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A Closer Look at SBAR vs. the I-PASS Handoff Method

A Closer Look at SBAR vs. the I-PASS Handoff Method

"Although it's difficult to be 100% error-free, utilizing a standard format for communicating patient information, such as I-PASS, is one more step toward becoming a highly reliable organization.”

This insight was shared by Kimberly Clements, MSN, RN, CCRN, CNRN, NEA-BC, at Hackensack Meridian Health (HMH) in New Jersey. Her contribution to Nursing Management Journal about her efforts to encourage collaboration and elevate HMH’s culture of safety rings true year-round, particularly during National Nurses Week.

A few years ago, Clements was championing the creation of a high reliability culture within HMH’s 13-hospital system. She knew that a major milestone for achieving this vision was to embrace a continuous process improvement culture. Like other health systems on the high reliability journey to Zero Harm, the HMH team set their sights on improving handoffs during transitions of care to increase the consistency and continuity of care systemwide.

Step one was determining which process interventions would yield the highest return towards high reliability while also “creating a more positive care environment for everyone (physicians, nurses, patients, and families) involved.” Clements and her teams realized that the communication mnemonic currently in place, SBAR—Situation, Background, Assessment, and Recommendation—was designed as a broader escalation tool. To ensure reliability, they needed a tool specifically designed to provide a comprehensive yet succinct view of the patient and enable communication continuity across all care teams and roles.

“SBAR is an escalation tool, not a handoff tool. I-PASS possesses the specificity that a solid handoff requires. I-PASS offers a comprehensive look at the patient while highlighting areas that need to be communicated consistently across levels of care.”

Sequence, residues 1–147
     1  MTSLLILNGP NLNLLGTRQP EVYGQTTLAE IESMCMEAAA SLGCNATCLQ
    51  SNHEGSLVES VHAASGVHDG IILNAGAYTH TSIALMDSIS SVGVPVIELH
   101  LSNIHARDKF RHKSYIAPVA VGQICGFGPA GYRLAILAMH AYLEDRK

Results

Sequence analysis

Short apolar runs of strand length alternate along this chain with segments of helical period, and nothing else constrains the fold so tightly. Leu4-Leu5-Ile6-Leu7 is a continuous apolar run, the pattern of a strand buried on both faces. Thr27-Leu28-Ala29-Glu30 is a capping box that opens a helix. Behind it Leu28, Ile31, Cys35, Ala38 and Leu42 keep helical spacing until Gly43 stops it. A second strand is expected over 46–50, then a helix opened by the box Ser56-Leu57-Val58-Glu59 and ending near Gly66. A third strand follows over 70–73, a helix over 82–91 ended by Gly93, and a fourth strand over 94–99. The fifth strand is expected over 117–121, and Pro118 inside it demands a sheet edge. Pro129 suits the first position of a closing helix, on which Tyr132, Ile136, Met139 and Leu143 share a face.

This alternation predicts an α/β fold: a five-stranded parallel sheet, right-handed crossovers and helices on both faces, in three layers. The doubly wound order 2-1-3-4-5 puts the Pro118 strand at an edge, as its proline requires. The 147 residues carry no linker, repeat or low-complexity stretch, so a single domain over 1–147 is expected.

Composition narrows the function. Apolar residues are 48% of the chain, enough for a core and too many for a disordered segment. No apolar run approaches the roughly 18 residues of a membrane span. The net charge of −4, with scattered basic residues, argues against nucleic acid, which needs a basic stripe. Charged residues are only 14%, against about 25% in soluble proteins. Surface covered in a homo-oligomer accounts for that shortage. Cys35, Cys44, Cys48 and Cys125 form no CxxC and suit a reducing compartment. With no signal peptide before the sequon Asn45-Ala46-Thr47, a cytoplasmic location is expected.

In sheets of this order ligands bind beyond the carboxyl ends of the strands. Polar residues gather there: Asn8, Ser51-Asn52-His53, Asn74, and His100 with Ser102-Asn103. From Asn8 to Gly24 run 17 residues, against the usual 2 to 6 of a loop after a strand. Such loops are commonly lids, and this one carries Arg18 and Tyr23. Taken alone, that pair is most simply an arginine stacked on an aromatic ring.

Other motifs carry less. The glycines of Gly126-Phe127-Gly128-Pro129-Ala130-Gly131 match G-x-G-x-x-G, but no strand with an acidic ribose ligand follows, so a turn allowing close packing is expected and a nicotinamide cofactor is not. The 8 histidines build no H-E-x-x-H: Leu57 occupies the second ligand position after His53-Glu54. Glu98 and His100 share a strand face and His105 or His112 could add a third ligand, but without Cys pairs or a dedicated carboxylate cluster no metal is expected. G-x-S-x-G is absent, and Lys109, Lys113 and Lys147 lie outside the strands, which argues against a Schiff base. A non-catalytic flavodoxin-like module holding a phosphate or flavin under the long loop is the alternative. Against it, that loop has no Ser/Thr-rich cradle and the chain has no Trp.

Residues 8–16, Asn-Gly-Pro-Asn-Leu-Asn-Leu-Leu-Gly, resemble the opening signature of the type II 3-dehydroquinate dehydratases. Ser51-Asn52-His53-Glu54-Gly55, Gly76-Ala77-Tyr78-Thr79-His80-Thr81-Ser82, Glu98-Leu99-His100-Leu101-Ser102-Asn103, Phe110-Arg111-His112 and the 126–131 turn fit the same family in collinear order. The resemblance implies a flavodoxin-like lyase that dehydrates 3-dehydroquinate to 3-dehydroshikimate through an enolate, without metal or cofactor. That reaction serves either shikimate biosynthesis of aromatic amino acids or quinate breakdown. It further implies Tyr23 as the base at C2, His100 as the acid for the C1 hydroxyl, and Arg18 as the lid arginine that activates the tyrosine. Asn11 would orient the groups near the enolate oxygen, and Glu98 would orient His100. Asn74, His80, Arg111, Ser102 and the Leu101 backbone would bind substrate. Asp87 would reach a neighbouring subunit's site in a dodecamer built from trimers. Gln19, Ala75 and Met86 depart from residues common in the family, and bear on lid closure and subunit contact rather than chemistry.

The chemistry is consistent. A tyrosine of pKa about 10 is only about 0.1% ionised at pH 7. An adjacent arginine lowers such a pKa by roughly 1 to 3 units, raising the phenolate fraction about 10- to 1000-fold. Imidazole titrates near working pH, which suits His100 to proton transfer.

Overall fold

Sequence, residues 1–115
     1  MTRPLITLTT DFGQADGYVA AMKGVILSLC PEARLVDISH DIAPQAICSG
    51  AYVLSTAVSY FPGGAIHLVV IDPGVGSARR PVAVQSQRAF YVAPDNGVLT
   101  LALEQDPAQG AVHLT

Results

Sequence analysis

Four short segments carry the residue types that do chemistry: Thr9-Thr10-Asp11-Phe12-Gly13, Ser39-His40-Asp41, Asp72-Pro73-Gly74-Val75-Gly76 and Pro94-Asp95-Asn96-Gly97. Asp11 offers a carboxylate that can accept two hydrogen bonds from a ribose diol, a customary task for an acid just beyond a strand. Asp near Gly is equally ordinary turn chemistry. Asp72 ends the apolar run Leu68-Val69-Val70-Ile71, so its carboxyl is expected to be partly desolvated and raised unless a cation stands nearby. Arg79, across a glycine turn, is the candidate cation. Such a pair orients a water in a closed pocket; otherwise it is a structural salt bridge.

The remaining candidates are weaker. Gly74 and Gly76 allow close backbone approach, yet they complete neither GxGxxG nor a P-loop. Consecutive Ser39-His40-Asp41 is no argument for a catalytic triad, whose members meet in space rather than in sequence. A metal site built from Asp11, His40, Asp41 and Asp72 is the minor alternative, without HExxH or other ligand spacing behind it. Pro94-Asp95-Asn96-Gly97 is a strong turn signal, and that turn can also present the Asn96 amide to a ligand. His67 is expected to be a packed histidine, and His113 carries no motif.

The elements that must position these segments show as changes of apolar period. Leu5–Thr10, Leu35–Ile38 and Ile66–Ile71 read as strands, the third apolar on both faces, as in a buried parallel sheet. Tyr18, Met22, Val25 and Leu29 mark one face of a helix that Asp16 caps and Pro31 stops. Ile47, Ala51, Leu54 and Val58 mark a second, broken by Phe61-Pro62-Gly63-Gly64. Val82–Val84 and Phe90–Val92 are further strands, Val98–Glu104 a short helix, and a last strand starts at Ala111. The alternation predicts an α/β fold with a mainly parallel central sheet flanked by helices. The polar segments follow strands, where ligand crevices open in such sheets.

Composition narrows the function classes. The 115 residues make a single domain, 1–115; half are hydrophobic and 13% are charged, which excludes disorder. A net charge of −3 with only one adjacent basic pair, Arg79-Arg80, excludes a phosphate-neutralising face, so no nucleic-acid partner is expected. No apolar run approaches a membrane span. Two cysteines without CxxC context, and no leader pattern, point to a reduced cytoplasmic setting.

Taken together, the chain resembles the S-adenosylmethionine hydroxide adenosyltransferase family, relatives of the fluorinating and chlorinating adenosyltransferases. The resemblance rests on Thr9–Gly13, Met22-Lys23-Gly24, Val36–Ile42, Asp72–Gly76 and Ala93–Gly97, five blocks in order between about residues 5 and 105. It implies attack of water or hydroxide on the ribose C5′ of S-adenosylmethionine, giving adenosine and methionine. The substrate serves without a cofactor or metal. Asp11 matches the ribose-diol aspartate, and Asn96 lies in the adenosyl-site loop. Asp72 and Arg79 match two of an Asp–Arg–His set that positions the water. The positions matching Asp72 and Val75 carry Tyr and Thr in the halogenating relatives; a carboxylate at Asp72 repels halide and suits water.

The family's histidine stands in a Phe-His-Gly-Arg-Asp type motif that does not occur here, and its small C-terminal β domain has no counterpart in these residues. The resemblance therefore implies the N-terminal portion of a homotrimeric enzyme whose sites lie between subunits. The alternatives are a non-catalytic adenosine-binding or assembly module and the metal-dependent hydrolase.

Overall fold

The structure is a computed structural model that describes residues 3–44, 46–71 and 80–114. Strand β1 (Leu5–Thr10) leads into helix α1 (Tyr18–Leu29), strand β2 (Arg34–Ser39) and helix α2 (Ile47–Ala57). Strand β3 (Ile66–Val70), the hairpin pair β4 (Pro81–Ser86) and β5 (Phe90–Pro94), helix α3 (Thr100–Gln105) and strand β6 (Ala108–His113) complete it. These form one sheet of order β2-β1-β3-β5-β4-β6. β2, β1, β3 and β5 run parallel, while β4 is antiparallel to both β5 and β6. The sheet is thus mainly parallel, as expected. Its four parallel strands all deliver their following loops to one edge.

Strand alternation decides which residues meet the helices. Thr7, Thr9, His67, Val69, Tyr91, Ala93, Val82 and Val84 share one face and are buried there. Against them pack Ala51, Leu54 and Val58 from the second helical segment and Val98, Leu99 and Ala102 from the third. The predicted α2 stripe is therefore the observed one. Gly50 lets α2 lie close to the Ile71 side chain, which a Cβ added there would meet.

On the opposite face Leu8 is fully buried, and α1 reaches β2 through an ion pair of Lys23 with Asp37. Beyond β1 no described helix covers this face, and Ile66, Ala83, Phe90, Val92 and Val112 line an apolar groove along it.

The I-PASS method helps meet this need by enabling nurses, along with any other members of the care team, to utilize a shared terminology that fosters better-coordinated patient care. Nurses across HMH's Southern Ocean Medical Center's campus, and eventually two additional campuses, deployed I-PASS for a defined period to test the tool’s reliability, flexibility, and adaptability across multiple care areas.

Several takeaways especially relevant to today’s post-pandemic care environment surfaced, including two primary outcomes of increased staff satisfaction and, most importantly, a reduction in errors. 

  1. HMH nurses confirmed that I-PASS was a more effective tool than SBAR for improving communication and decreasing opportunities for error.
  2. Relationships between nurses and physicians also improved. The confidence nurses gained from using I-PASS established amore trusting and positive care environment.
  3. Structure can aid new nurses and improve onboarding for traveling nurses. Novice nurses were among the most receptive of the I-PASS methodology early on. The structure of the standard report prevented them from missing important information and instilled trust that the information they received was accurate. This outcome provides useful insight for nursing leaders today who are adapting to an influx of traveling nurses, while maintaining goals for high levels of clinical care team coordination.

Before I-PASS, novice nurses were more reluctant to ask questions and clarify information with their more senior colleagues. Instead, they would take time searching the chart or asking their peers for information after they completed each handoff. When I-PASS’s standard reporting tool was introduced, it prevented nurses from missing important information or feeling the need to verify the validity of the information. This saved time because they trusted  that the information they received was accurate.

Clarity, confidence, collegiality, and certainty: all essential ingredients for a highly reliable and high-performing care team that consistently delivers safe, patient-centered care. They were all elevated through the implementation of I-PASS across HMH. By championing the switch to a more effective patient handoff communication tool, Clements and her team of nurses translated the principles of high reliability into a digestible, repeatable behavior to advance HMH’s journey to Zero Harm – ensuring a sustainable culture of safety.

Nurses are a cornerstone of a strong safety culture and excellent outcomes. Providing structure and teaching reliable safety-based communication skills like I-PASS positively impacts the nurses, patients, families, and operational health of the organization.

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